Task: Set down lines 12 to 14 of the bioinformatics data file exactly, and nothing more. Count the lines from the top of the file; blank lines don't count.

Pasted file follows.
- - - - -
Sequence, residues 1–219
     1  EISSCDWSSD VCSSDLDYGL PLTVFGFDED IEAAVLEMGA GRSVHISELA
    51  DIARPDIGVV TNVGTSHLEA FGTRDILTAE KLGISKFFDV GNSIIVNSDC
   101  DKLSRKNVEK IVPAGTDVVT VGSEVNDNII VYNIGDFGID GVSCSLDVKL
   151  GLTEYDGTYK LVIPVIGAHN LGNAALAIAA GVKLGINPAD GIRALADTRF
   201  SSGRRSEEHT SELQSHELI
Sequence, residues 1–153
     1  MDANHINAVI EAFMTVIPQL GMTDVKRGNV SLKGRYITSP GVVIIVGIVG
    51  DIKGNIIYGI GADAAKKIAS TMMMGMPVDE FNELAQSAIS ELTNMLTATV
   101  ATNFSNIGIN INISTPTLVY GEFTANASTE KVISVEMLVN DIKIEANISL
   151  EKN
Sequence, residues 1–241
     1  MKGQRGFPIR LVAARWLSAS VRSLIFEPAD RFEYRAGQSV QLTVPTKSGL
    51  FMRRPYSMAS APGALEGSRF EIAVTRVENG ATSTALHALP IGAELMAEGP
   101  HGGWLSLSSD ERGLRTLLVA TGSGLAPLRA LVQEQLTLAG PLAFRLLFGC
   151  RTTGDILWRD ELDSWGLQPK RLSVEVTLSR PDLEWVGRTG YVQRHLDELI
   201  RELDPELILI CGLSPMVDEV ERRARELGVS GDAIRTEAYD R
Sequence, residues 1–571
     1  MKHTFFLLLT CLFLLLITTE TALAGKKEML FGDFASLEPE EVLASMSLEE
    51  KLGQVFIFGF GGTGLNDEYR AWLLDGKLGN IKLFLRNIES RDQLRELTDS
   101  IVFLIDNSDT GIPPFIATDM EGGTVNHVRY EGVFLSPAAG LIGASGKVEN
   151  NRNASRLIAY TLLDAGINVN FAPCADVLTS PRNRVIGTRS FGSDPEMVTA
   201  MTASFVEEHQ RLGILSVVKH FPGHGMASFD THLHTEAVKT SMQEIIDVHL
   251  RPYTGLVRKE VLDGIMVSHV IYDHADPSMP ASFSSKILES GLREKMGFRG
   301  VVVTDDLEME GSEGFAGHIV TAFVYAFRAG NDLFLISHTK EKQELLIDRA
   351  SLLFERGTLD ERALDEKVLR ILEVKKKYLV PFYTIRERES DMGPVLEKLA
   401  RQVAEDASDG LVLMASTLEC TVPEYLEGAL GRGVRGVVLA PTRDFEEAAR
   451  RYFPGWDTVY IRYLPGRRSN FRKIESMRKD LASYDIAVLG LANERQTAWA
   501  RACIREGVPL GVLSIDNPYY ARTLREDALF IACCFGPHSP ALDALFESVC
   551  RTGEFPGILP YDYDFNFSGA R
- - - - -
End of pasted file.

Sequence, residues 1–241
     1  MKGQRGFPIR LVAARWLSAS VRSLIFEPAD RFEYRAGQSV QLTVPTKSGL
    51  FMRRPYSMAS APGALEGSRF EIAVTRVENG ATSTALHALP IGAELMAEGP